Combining Obama administration and Republican priorities, the leading Senate author of a sweeping rewrite of the nation's financial regulations is looking for consensus with a proposal that neither side of the political spectrum is ready to embrace.
Sen. Christopher Dodd, the chairman of the Senate Banking Committee, plans to unveil a proposal Monday that expands the powers of the Federal Reserve but creates a consumer protection entity with less authority than President Barack Obama once demanded.
His draft legislation aims to avoid a recurrence of the financial crisis that brought Wall Street to the verge of collapse 18 months ago. It would restrict the size and interconnections of large financial institutions once deemed "too big to fail," tame previously unregulated shadow markets with new restrictions and create a dismantling mechanism for failing financial giants without a bail out from taxpayers.
While navigating in the middle of the road, Dodd hasn't won the support of Republicans. And Democrats inside and outside his committee, as well as consumer advocates are eager to change his consumer proposals.
"Members have to make up their minds," Dodd said Sunday in an interview with The Associated Press. "While they may not like everything here, I'm not going to give them much room to say we shouldn't do anything."
In looking for common ground, Dodd significantly shifted from financial regulations he proposed four months ago, when he called for a single powerful regulator to oversee all of the nation's banks and for a stand-alone consumer financial protections agency.
Instead, as preferred by the Obama administration, the Federal Reserve would gain oversight of all financial firms — banks and nonbanks — that are considered the biggest and most interconnected. For the Fed, the price of such power is losing supervision over smaller bank holding companies with less than $50 billion in assets.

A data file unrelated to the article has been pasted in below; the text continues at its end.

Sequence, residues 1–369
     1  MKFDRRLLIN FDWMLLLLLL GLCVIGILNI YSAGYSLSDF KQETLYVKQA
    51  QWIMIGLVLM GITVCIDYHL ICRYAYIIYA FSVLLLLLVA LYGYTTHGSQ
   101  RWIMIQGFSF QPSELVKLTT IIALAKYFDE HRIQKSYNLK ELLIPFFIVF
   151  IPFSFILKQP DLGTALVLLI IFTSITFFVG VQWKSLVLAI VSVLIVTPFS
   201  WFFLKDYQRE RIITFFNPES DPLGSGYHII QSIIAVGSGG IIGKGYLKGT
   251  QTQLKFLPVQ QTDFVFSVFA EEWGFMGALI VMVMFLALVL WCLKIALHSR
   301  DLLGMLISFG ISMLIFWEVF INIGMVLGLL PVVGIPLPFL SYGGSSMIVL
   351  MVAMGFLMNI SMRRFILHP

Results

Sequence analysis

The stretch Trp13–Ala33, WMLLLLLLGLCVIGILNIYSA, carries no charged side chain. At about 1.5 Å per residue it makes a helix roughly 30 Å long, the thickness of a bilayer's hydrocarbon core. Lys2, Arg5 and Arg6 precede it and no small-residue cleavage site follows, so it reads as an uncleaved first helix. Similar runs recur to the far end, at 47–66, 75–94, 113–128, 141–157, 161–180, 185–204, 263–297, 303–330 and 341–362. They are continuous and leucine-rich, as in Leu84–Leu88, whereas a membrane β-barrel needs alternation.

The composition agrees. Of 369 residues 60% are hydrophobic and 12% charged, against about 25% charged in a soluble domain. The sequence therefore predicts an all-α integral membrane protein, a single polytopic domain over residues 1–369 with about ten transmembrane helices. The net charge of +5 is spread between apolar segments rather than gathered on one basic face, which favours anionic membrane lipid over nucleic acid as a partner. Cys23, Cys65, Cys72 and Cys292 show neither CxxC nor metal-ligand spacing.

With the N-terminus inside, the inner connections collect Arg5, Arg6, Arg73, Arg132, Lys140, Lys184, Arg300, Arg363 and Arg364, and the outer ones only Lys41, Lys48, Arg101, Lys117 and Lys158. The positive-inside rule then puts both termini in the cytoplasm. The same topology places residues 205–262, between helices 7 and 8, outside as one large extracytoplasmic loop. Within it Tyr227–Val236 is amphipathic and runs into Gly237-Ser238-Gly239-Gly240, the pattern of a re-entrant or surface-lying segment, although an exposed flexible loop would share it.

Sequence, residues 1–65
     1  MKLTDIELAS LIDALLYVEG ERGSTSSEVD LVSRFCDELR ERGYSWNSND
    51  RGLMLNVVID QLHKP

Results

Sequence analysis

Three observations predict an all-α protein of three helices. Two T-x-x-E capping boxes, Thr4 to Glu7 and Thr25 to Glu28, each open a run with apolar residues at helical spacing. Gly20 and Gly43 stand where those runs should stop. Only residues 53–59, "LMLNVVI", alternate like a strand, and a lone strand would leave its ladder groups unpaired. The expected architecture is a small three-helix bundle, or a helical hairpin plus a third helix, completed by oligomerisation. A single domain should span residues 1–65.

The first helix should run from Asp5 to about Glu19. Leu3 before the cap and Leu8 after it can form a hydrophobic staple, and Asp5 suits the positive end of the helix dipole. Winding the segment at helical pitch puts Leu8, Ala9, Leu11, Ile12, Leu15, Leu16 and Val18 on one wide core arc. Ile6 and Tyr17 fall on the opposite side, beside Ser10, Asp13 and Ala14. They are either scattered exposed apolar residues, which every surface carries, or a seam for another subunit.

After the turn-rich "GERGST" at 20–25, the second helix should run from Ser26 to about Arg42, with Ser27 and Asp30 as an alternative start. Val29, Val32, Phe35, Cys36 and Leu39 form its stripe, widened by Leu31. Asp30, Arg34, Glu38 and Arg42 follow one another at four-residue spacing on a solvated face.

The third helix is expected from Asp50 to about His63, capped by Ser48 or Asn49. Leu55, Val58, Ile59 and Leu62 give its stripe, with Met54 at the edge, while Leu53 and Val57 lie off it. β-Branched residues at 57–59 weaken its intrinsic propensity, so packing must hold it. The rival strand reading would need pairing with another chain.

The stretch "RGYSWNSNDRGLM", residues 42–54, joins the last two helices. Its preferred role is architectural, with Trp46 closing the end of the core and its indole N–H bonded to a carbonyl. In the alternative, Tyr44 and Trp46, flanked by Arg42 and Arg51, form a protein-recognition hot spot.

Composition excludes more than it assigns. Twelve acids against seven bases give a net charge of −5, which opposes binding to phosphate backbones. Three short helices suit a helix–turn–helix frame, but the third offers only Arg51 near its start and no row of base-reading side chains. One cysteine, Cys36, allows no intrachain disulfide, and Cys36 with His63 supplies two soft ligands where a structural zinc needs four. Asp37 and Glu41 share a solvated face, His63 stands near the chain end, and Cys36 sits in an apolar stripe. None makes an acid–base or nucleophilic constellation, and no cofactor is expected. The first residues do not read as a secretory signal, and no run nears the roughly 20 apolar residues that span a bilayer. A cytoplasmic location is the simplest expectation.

Moreover, to the dismay of liberals and consumer advocates, the Fed would also house a consumer protection entity. That agency would be headed by a presidential appointee and would have an independent source of funds not subject to congressional appropriations. But its power to write regulations would be subject to review by a council of regulators that could veto consumer rules by a two-thirds vote.
John Taylor, head of the National Community Reinvestment Coalition, a consumer advocacy group, said Dodd was "capitulating to the industry's interests."
"He's offering a faux consumer protection agency that holds little promise to be effective in the long run," Taylor said.
In a nod to the White House, however, Dodd is expected to propose that states have enhanced ability to enforce consumer rules. State attorneys general and the Obama administration have called for such authority. Financial regulations approved by the House in December gave states more leeway to write and police their own consumer laws.
That consumer provision veered from the agreement Dodd and Republican Sen. Bob Corker had tentatively reached last week before Dodd decided it was time to stop negotiating and write a bill.
Corker, in an interview Sunday, said Dodd's bill would be a vast improvement over what Dodd had first recommended late last year. But Corker said he didn't expect to support it.
"I'm sure he has moved the bill to the left of where we were Thursday in order to ensure that he has all the Democratic members with him," Corker said. Still, Corker said he believed that through amendments in committee, the bill could win bipartisan support.
Corker and his nine Republican colleagues on the Banking Committee urged Dodd on Friday to slow down and not schedule committee action on the bill before the Easter recess, which begins March 27.
Among other likely provisions in Dodd's proposal:
— Institutions that are bank holding companies, such as Goldman Sachs and Morgan Stanley, cannot alter their status to avoid Fed oversight. The measure is being called the "Hotel California provision" because firms can enter Fed supervision but can never leave.
— Unlike the House bill, which imposes new requirements on broker-dealers and investment advisers, Dodd's is expected to adopt a proposal from Sen. Tim Johnson to conduct a study of potential investor protections before writing any regulations.
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